Prepared from peptides, the building blocks of proteins the detergent is called Pepfactant®.
"One of the possible applications that we are aware of is a surfactant that would switch between the wash cycle and rinse cycle during clothes washing, which would mean you could remove visible suds without having to use as large a quantity of water," said biochemist Annette Dexter, Ph.D., of the Australian Institute for Bioengineering and Nanotechnology at The University of Queensland. Dexter is a co-inventor of pepfactants, along with Queensland colleague Anton Middelberg, a chemical engineer.
The unique aspect of the pepfactant is that it can be "switched on" or "switched off" depending on its intended application. For example, in laundry detergents there is a built-in pH change that occurs between the wash and rinse cycles. Pepfactants that are designed to respond to that pH change could be added to the detergent to reduce the rinse time, Dexter noted.
During the wash cycle, the pepfactant would be in the "on" position, allowing the detergent to clean soiled clothes. During the rinse cycle when the pH changes, the pepfactant switches "off," allowing the suds to be removed with much less water than conventional detergents.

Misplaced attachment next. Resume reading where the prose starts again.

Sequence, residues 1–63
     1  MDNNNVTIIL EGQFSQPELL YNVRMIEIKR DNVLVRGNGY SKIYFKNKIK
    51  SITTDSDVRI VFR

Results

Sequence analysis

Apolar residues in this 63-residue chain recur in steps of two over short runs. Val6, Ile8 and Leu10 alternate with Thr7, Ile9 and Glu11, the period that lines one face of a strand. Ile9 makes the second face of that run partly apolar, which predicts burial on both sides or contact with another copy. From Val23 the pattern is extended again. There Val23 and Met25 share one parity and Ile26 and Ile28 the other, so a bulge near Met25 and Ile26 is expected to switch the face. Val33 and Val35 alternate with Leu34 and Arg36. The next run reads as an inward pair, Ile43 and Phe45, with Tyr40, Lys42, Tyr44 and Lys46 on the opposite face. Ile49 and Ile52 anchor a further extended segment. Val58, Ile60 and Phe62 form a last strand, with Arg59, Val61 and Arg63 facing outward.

Similarly, the pepfactants can be used to help separate oil from water and increase the number of barrels of oil that can be extracted from a well. "Currently, as little as one-third of the oil present underground is actually extracted from a well," Dexter said.
Compared to conventional surfactants, which cost about $10 per kilogram (2.2 pounds), biologically synthesized pepfactants are expensive, according to Dexter, about $500 per kilogram. But, she added, "We are trying to bring that down by an order of magnitude."
Despite the cost, the enormous potential that pepfactants offer has prompted inquiries from industry. There has been some commercial interest from detergent manufacturers, Dexter said, but she feels the more near-term application could be in the personal care area such as a shampoo, conditioner, skin cream or hand wash. There also could be potential applications for eye drops, she added.
"Chemical surfactants generally are very irritating to biological tissue. We could use our peptide surfactants in that context because they are extremely mild, so they could be used directly as a cleaning application."
"They also could be used in drug delivery," Dexter said. "Some companies have products in clinical trials that could deliver antibiotics to the eye, which are not water soluble. They are delivering those as an emulsion. So there's something we could do with pepfactants, with the additional angle that we could then have that emulsion respond to the pH of the eye so that it would spread across the eye and not be washed away by the tears."
The potential applications of pepfactants are so broad that it's difficult to say which application might be the first to reach the market, according to Dexter. There has been some commercial interest, she said, and hopes that something in the personal care area might be available within the next 18 months.